CAMEROTA: Yes, of course. I get it, I know. I totally get the picture thing. It's just now knowing what she was up to, you would be shocked.

SANTORUM: Yes, but I mean, there's nothing you can do about that.


SANTORUM: I mean, the -- you try to be -- you try to be kind to people who at least you think honestly would like their picture taken for whatever reason.

Look, I get my picture taken with folks who I know hate me and they want to go out there and say look, I hate this guy. But that's OK. I mean, that's a free country. We -- you know, it's fine to take your picture with anybody.

CAMEROTA: I'm not sure that's a good use of your time but I'm sure they appreciate it.

SANTORUM: Well, I always try to be kind to people. That's the way I look at it.

CAMEROTA: Rick Santorum, thanks so much --

SANTORUM: All right.

CAMEROTA: -- for giving us your perspective on all of this -- John.

JOHN BERMAN, CNN ANCHOR: He's free to take pictures.

CAMEROTA: And to pose in them.

BERMAN: That's the takeaway.

CAMEROTA: That's right. BERMAN: All right.

Listen, there was this horrible boat accident overnight in Missouri near Branson. Eleven people dead, six still missing.

This is pretty horrifying video of what happened. Clearly, the winds and surf were kicking up there.

We're going to speak to the president of the company that owns this duck boat -- operates it. He'll join us, next.


[07:45:39] BERMAN: All right, there is breaking news to report this morning.

Eleven people are dead, including children, after a tourist duck boat capsized near Branson, Missouri. Six people are still missing. At this moment, rescue crews are searching in Table Rock Lake, looking for possible survivors.

Joining us now on the phone is Jim Pattison, Jr. He's the president of Ripley Entertainment, owner of the Ride the Ducks Branson company.

Jim, thank you so much for being with us. Our thoughts are with you this morning.

I wonder if you have any update on the search for the six missing people.

JIM PATTISON, JR., PRESIDENT, RIPLEY ENTERTAINMENT (via telephone): We do not. I know that everybody's working diligently to make sure we can find everybody and -- but we have not have heard any news this morning.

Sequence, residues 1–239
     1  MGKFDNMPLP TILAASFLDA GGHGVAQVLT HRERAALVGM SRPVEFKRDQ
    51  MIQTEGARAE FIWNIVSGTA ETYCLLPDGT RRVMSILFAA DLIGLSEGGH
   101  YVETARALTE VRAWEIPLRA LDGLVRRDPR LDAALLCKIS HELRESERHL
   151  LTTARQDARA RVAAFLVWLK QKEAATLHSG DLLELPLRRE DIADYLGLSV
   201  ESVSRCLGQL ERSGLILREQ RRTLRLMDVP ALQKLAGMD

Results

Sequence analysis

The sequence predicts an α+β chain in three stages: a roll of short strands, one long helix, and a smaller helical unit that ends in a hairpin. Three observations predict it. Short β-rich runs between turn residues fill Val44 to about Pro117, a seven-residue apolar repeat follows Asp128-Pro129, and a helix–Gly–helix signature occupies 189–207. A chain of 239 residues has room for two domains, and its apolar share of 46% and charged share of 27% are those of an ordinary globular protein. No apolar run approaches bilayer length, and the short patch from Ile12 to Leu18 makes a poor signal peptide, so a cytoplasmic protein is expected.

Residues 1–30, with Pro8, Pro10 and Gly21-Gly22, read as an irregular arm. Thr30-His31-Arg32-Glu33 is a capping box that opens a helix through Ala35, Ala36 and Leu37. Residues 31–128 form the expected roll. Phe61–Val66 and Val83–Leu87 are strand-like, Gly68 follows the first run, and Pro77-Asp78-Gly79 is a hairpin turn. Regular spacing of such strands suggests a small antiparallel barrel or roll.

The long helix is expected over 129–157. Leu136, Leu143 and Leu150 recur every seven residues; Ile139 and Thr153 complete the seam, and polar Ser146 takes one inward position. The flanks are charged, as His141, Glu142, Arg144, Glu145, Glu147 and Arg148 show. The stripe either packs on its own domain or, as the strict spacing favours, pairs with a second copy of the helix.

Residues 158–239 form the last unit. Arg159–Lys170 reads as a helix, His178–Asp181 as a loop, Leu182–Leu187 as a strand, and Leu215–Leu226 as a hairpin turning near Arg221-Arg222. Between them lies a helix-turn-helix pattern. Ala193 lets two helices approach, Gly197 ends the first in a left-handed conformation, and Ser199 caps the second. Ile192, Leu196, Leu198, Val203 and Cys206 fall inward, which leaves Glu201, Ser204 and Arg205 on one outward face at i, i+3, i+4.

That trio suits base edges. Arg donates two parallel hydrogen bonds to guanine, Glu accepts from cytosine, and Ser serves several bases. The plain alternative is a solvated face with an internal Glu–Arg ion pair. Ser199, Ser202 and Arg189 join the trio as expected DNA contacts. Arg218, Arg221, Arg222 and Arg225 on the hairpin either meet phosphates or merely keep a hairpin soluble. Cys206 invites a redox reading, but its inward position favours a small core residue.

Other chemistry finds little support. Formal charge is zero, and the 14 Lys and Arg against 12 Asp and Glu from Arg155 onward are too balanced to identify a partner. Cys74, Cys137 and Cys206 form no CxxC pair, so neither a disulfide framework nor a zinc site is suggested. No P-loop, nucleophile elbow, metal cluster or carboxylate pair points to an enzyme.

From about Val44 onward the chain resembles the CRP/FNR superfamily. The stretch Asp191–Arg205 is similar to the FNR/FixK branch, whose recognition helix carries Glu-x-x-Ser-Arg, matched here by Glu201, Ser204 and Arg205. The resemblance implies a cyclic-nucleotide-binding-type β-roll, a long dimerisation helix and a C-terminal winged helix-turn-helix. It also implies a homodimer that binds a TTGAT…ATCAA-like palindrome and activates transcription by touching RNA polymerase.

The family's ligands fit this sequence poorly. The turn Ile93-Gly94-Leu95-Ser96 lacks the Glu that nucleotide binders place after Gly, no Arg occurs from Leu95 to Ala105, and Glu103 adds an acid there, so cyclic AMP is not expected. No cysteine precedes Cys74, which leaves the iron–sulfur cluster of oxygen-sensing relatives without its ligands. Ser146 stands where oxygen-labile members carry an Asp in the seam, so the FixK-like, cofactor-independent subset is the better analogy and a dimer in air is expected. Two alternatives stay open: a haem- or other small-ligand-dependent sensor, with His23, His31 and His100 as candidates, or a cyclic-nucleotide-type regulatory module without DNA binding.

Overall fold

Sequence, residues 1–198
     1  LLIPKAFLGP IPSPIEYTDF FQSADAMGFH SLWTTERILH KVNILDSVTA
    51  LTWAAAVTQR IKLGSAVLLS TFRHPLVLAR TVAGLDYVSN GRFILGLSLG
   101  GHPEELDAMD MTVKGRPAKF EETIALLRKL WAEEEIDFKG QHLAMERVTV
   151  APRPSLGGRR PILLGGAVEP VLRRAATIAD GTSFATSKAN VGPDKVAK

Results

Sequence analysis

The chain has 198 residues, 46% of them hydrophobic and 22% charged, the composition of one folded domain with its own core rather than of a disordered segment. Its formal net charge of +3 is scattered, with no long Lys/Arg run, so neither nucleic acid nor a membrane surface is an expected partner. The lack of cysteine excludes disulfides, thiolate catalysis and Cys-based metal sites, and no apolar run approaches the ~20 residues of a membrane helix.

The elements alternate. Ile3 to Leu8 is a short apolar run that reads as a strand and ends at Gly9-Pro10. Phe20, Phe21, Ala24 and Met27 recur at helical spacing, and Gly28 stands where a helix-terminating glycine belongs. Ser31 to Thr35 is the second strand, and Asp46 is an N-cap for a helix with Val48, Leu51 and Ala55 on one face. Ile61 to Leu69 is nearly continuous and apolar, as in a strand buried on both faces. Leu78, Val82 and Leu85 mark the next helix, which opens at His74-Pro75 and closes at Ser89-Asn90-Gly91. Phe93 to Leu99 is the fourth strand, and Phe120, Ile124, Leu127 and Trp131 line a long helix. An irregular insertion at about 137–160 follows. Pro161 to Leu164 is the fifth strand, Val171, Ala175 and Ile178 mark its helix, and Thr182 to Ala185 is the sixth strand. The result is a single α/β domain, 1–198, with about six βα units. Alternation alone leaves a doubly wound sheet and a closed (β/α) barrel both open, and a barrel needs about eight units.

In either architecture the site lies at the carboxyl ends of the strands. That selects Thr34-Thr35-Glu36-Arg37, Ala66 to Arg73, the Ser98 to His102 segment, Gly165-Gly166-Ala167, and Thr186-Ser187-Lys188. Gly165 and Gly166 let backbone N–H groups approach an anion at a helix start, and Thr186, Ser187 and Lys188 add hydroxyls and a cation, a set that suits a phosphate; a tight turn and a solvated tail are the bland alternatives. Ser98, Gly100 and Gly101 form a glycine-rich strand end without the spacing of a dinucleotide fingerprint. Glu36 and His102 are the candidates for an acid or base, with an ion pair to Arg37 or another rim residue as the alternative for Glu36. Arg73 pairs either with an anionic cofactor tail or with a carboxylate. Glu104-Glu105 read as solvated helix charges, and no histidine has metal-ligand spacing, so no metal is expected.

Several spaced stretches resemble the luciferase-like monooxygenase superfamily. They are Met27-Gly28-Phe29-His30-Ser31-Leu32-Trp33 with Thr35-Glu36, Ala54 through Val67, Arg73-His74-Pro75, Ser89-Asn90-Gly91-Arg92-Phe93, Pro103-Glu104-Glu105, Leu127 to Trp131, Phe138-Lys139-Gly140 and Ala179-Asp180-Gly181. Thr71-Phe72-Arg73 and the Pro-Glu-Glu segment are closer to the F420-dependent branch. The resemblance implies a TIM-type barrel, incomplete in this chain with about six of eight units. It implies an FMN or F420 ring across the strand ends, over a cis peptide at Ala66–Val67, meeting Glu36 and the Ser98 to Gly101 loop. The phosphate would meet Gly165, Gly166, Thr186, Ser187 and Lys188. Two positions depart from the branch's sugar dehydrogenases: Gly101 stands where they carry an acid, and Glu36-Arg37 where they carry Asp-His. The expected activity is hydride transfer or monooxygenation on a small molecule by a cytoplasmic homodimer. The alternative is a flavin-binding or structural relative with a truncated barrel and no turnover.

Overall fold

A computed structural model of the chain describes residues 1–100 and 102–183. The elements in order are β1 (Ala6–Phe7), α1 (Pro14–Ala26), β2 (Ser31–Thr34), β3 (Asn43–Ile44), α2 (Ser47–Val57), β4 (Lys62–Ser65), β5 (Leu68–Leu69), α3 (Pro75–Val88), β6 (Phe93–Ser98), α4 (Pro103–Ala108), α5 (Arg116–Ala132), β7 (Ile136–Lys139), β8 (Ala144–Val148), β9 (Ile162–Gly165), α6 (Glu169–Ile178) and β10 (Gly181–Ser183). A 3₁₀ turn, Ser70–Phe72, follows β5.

BERMAN: I understand there were two crew members on board the vessel at the time that it ran into trouble. Do you have any update on their condition this morning?

PATTISON: Yes. The captain was taken to the hospital and he's been overnighted but appears to be -- he'll be OK. And our other team member is not -- still missing.

BERMAN: One team member is still missing.


BERMAN: We're watching this video, Jim -- I think we've all seen it now -- of that boat out on the lake with these very big waves, the wind clearly gusting. And the question so many people have is why was the boat out there in these conditions?

PATTISON: Well, my understanding is -- and we'll be working with the National Transportation Safety Board and Coast Guard who regulate our industry -- but it was almost like a microburst. It was -- we had boats out there. It was perfectly calm and then we

had a high-speed wind system that just came out of nowhere and -- out of that storm front -- and there -- and there we were. So --

BERMAN: It came out of nowhere. I do understand there is one report there was a severe thunderstorm warning issued at 6:30, which was about a half an hour before I think this video we're seeing right now.

What did they know about the weather conditions when they went out?

PATTISON: Well, I think -- and again, I don't know all of the details but my understanding was that when the boat when in the water it was calm. And that partway through, coming back, is when everything -- when the waves picked up and then obviously, it swamped the boat.

BERMAN: What are the guidelines with which you operate under when it comes to severe weather?

PATTISON: Well, obviously, we shouldn't be out there in severe weather.

So again, we've operated -- this company has been in business for 47 years and never had an incident. And we're absolutely devastated and we feel -- we feel terrible just for all the customers, friends -- all the victims and their families.

BERMAN: And again, as you noted, there is one crew member who is still missing.


BERMAN: Your message to the families of the people onboard this vessel?

PATTISON: Well, we just -- people are supposed to be able to go out for an outing and have a good time and this -- and it should never end this way. So, there's not much more you can say.

BERMAN: Do you train -- or what is the training for operating in unforeseen weather conditions?

PATTISON: Well, they're all -- we're regulated, again, by the Coast Guard and so we have two crew members who are -- both captain and a CDL driver. In this particular case, our captain has been employed with us for 16 years and was very experienced on the lake and the business.

BERMAN: And we do know there were life jackets on board. The regulations don't require, though, that they be worn at all times. Is that correct?

PATTISON: That's correct.

BERMAN: Do you have any reporting about whether or not people did have the time to put the life jackets on when the conditions became rough? PATTISON: We don't know that yet.

BERMAN: Have you had a chance to talk to the other boat -- the people on it -- the operators that did make it back?

PATTISON: Just one.


[07:50:00] PATTISON: And it was -- it was calm and there was not any issues and they got out of the water. And then it hit shortly thereafter.